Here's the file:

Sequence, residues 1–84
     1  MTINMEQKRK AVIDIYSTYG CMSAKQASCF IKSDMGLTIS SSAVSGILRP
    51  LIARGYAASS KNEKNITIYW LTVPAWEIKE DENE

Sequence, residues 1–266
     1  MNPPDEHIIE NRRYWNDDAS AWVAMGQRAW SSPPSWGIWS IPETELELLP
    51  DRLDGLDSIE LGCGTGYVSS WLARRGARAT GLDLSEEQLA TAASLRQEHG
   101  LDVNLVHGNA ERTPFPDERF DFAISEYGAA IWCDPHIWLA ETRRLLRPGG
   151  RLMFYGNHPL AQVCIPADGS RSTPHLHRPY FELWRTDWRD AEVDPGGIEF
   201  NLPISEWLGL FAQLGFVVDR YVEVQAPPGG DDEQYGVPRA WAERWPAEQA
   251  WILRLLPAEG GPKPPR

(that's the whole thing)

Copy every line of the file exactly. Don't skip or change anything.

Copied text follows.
Sequence, residues 1–84
     1  MTINMEQKRK AVIDIYSTYG CMSAKQASCF IKSDMGLTIS SSAVSGILRP
    51  LIARGYAASS KNEKNITIYW LTVPAWEIKE DENE

Sequence, residues 1–266
     1  MNPPDEHIIE NRRYWNDDAS AWVAMGQRAW SSPPSWGIWS IPETELELLP
    51  DRLDGLDSIE LGCGTGYVSS WLARRGARAT GLDLSEEQLA TAASLRQEHG
   101  LDVNLVHGNA ERTPFPDERF DFAISEYGAA IWCDPHIWLA ETRRLLRPGG
   151  RLMFYGNHPL AQVCIPADGS RSTPHLHRPY FELWRTDWRD AEVDPGGIEF
   201  NLPISEWLGL FAQLGFVVDR YVEVQAPPGG DDEQYGVPRA WAERWPAEQA
   251  WILRLLPAEG GPKPPR